Further, problems cropped up at various stages in the Kennedy presidency that were a consequence of administrative style. Following the Bay of Pigs episode, the president’s national security adviser, McGeorge Bundy, submitted a letter of resignation. In rejecting the offer, Kennedy told the former Harvard dean to get control of the flow of information into the Oval Office. Bundy moved from his spacious quarters in the Executive Office Building to a post nearer the scene of action in the basement of the White House. There he set out to write a long memorandum to the President beginning “I hope you’ll be in a good mood when you read this.” (I can find no reference to the memorandum in Schlesinger or Sorensen.) He called attention to “a management problem . . . We can’t get you to sit still” and he added that “we” included Rusk, Sorensen and the president’s brother.”Right now it is so hard to get to you with anything not urgent. . . that about half of the papers and reports you personally ask for are never shown to you because by the time you are available you clearly have lost interest in them.” The situation improved, but critics continued to write about the problem.

Secondly, Reeves struggles with an issue on which there are surprising differences among historians and seeming contradictions in the work of the same historian. On one hand, Reeves, as we have seen, maintains that Kennedy was overly cautious. He put off making decisions until forced by events even though he was impatient and approached life, and presumably decision making, as if he were in a race with boredom. Nowhere does Reeves explore the relationship between Kennedy’s disparate characteristics of caution and impatience. Schlesinger, by contrast, analyzed the interaction in Kennedy’s policy-making between activism and pragmatism and was frank to acknowledge a problem. At various stages in the administration, Kennedy’s activism outran his pragmatism, especially in foreign policy. According to Schlesinger, activism became “a besetting sin” of the New Frontier. With some problems it would have been better to leave things alone. The idea that every problem demands an instant remedy became the source of new problems. The tendency to move into the internal affairs of other countries to press ideas of reform led Schlesinger to conclude that the belief of professional diplomats in restraint and caution had more wisdom “than we understood at the time.”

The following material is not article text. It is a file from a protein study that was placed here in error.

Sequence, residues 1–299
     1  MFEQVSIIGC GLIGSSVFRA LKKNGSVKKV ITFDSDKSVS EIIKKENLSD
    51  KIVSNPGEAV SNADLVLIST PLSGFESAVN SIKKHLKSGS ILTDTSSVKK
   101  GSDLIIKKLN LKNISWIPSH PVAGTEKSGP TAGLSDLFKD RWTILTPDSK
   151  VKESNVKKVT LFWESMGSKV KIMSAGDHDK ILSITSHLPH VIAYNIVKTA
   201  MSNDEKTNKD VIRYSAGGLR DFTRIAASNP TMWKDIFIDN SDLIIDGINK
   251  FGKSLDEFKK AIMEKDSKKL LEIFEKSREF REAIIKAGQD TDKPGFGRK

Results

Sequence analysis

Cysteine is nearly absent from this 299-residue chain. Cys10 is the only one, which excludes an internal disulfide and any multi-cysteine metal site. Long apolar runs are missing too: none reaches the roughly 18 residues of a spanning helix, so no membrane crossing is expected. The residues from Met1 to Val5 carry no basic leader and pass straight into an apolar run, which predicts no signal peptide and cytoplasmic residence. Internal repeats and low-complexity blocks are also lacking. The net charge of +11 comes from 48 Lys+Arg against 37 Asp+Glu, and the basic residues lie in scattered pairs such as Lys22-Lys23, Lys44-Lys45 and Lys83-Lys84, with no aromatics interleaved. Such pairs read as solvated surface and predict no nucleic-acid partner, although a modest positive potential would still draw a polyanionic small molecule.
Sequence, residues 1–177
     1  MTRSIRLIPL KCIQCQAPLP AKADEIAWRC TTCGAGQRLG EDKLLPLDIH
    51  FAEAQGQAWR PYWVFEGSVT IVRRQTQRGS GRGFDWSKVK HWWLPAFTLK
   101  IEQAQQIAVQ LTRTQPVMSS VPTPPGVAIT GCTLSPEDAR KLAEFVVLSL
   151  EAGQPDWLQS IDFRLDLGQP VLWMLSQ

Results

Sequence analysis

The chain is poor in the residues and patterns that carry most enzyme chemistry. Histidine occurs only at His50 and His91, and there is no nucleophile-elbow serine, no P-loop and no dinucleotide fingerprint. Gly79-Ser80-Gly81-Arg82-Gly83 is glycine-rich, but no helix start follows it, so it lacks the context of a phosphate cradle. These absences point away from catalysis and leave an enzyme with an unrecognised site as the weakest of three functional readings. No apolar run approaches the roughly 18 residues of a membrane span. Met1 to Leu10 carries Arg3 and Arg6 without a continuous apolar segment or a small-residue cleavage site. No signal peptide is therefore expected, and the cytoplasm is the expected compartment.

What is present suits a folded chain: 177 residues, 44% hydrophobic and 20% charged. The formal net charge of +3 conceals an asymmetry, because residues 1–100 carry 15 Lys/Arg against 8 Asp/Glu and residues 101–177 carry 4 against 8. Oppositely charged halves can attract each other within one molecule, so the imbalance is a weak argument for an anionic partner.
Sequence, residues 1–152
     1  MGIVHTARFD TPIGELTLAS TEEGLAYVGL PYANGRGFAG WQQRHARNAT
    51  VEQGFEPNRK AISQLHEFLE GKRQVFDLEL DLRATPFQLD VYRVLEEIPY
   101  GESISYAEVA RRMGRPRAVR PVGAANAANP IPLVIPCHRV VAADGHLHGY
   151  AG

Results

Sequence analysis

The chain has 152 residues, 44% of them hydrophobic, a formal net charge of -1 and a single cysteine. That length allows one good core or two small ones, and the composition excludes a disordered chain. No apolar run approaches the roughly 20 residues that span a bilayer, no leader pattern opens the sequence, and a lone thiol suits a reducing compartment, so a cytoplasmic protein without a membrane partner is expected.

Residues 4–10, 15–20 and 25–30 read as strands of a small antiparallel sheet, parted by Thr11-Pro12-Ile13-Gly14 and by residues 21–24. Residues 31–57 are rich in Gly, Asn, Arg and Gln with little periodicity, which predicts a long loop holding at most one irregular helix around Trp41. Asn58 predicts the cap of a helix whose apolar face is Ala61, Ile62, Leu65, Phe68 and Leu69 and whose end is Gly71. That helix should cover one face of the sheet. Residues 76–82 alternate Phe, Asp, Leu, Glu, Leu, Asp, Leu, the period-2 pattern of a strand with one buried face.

Kennedy’s inaugural address was blatantly activist and universalist with its lofty promise that the nation would “pay the price, bear any burden, meet any hardship, support any friend, oppose any foe,” in the name of liberty. It inspired Americans, and especially the young, to dedicate themselves anew to the nation’s high purposes. That was its virtue. For the eminent historian looking back, however, the tension between the two forces, between activism and pragmatism or dream and reality is clearly a problem. Outsiders may help us to see a presidency afresh, but so sometimes may partisans whose commitment to their discipline and to the quest for truth outlives their partisanship.